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Iain P. D. Morrisson: Kant and the Role of Pleasure in Moral Action.

Iain P. D. Morrisson

Kant and the Role of Pleasure in Moral Action.

Athens, OH: Ohio University Press 2008.

213 pages

US$49.95 (Cloth ISBN 978-0-8214-1830-7)

In this book Morrisson's ambitious project is to make sense of Kant's account of how the moral law of reason motivates human action. This is a famously difficult problem in Kant's moral theory, one that has puzzled Kant scholars since the theory's inception.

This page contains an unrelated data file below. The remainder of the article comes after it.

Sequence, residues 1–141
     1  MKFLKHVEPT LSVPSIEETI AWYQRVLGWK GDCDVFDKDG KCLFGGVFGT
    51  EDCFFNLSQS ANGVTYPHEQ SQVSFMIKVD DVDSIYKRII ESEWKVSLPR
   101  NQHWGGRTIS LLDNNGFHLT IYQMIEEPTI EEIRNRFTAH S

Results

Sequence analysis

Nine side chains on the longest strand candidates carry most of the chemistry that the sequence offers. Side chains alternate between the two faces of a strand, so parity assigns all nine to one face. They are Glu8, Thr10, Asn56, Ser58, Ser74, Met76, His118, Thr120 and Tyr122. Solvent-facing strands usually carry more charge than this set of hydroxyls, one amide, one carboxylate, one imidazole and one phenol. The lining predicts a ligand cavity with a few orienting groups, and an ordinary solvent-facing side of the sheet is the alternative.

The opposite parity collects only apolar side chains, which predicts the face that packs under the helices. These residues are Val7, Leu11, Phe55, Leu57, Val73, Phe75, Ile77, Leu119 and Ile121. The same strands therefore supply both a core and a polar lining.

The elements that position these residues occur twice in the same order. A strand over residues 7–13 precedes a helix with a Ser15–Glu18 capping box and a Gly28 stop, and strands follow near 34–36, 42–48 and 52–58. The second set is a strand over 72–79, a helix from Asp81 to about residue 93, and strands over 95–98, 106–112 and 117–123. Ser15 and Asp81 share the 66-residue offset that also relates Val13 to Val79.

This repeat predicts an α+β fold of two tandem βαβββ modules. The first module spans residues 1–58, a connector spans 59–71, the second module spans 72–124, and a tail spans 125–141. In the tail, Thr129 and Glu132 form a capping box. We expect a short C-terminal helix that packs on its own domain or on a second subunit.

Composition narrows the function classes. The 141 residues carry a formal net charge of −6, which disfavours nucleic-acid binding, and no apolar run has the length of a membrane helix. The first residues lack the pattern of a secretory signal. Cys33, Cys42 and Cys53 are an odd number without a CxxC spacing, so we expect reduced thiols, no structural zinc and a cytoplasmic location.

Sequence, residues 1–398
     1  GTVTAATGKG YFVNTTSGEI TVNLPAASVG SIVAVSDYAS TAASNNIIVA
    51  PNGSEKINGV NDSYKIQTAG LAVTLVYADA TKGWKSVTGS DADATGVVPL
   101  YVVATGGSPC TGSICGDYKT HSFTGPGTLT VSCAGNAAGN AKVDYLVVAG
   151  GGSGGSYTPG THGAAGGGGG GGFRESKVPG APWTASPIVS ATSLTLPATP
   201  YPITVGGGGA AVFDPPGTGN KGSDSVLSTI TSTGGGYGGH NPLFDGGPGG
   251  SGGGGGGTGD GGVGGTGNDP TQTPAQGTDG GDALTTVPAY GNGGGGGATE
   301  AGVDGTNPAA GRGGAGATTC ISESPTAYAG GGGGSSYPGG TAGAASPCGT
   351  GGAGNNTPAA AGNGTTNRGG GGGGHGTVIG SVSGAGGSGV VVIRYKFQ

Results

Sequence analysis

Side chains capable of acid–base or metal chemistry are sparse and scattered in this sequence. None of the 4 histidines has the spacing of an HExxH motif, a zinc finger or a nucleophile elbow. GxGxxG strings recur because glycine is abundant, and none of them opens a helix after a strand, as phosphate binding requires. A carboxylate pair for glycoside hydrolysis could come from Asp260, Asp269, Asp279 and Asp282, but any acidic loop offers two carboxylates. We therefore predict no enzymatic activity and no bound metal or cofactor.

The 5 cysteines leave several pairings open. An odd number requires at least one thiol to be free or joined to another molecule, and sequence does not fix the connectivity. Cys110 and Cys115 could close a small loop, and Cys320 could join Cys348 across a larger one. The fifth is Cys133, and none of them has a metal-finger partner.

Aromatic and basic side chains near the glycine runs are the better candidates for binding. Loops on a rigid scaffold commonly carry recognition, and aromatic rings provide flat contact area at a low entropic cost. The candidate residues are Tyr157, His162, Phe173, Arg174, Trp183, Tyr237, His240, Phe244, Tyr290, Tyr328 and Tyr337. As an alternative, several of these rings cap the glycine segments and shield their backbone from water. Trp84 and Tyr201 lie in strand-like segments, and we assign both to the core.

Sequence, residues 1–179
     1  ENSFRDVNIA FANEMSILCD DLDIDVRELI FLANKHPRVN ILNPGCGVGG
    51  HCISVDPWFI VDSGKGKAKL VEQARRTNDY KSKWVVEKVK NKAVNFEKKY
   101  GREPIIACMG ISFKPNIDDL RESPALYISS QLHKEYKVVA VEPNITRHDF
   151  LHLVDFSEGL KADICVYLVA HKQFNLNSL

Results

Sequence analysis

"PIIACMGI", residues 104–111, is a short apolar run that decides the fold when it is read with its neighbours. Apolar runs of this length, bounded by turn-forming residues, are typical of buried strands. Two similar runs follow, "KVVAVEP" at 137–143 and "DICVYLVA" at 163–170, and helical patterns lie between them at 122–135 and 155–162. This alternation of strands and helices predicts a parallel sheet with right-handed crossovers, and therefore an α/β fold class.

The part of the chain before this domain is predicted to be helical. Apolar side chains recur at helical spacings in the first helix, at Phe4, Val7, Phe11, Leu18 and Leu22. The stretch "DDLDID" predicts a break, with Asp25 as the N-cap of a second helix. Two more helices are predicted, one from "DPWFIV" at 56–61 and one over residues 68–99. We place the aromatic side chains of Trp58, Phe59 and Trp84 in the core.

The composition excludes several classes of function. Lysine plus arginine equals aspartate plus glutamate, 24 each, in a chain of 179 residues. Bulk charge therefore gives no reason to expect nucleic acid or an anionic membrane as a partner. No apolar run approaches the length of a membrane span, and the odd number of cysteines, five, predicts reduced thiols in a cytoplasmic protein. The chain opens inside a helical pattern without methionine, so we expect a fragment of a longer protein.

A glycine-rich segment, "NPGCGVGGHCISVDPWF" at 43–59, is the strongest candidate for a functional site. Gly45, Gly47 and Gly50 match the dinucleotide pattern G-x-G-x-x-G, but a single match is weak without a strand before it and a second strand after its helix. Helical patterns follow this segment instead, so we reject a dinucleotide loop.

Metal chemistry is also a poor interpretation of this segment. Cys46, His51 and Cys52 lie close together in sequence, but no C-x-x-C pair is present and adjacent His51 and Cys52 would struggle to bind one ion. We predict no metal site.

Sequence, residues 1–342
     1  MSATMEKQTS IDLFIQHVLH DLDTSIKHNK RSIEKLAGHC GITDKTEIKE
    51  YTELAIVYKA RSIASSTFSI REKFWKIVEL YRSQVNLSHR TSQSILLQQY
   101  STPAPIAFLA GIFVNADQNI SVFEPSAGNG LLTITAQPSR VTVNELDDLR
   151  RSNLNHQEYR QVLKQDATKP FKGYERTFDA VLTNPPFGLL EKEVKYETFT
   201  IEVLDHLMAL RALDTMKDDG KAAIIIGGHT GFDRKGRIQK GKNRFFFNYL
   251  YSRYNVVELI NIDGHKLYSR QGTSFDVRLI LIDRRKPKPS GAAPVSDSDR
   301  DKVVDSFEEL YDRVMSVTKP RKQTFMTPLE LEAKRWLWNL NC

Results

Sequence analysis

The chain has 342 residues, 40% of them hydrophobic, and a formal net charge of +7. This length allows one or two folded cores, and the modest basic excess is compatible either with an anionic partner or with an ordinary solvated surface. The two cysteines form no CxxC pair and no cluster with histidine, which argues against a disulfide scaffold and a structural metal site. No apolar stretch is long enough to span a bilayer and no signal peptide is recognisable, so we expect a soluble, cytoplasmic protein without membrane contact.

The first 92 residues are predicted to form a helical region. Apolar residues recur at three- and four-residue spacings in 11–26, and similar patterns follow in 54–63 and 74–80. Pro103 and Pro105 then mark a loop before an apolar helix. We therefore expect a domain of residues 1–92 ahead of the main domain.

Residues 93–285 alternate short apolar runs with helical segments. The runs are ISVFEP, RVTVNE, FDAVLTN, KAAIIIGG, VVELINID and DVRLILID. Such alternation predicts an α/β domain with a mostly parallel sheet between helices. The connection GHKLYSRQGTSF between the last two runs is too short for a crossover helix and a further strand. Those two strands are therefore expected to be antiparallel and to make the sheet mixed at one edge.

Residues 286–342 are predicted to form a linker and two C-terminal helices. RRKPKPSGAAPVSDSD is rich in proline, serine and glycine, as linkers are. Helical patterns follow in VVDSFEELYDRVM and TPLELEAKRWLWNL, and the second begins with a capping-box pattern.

In the 'Introduction' Morrisson begins with an overview of Kant scholarship on the stubborn problem of how moral action is supposed to be motivated. The two main camps are those, the majority, who maintain that the moral law motivates action only in a nonfeeling way, and those who, against the majority, insist that Kant is committed to the moral law providing motivation through feeling. The majority is supported by an abundance of passages in which Kant appears adamantly to resist any connection between respect for the moral law and feeling. The minority has courageously attempted to overcome these passages but, Morrisson contends, has failed to provide an adequate account of how respect for the moral law motivates as a feeling. Morrisson announces that the purpose of his book is to present an adequate account of how this respect can motivate human action as a 'nonpathological feeling'.